There are some executives that like to look at academic journals but unfortunately, the crossover literature has not reached them enough. In an effort to enhance the knowledge of executives worldwide, this article blends scholarly concepts with real world applications. With a clear understanding of the concept of knowledge management, executives can make more effective managerial decisions.
Knowledge within Companies
Executives across the globe have found that knowledge management is critical to business success. Knowledge, in and of itself, is not enough to satisfy the vast array of changes in today’s organisation. Therefore, knowledge management is only a necessary precursor to effectively managing knowledge within the organisation.
First, executives must have an understanding of the concept of knowledge itself. Knowledge is identified as a multi-faceted concept and is distinct from information and data. Data has been defined as raw entities, and information is understood as a meaningful pattern within these raw entities. Knowledge is quite elusive and is changing on a day-to-day basis with discontinued products and the ever-changing vast array of technology. Therefore, to counter the above definition of knowledge, Ruggles defines knowledge as a blend of information, experiences, and codes. The key take-away for executives is that knowledge is a resource that enables organisations to solve problems and create value through improved performance, and it is this point that will narrow the gaps of success and failure leading to more successful decision-making.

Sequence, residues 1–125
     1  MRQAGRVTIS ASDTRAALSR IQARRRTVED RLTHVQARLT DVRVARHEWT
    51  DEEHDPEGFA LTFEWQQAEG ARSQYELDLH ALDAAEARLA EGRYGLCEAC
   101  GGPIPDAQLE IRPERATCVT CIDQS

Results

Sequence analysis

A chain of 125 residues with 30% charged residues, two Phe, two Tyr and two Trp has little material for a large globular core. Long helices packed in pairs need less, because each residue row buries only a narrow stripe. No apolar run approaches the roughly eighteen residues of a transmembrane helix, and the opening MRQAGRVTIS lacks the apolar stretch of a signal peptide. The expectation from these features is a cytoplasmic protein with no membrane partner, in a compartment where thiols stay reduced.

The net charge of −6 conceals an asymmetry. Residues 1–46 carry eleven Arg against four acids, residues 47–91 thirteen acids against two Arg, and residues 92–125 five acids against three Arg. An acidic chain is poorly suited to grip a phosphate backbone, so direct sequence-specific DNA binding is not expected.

Executives still wonder where knowledge is and how can it be captured, utilised, and enhanced when it comes to decision-making. Scholars found that within organisations, knowledge resides in various areas such as management, employees, culture, structure, systems, processes, and relationships.
Organisational knowledge cannot merely be described as the sum of individual knowledge, but as a systematic combination of knowledge based on social interactions shared among organisational members. Executives, being more conceptual, agree with Tsoukas who determines organisational knowledge as a collective mind, and Jones and Leonard who explain organisational knowledge as the knowledge that exists in the organisation as a whole. Most importantly, organisational knowledge is owned and disseminated by the organisation. To analyse knowledge in organisations, there are two important taxonomies of organisational knowledge that need to be discussed. The following section addresses these two important taxonomies in depth to set the record straight on the importance of knowledge management within companies.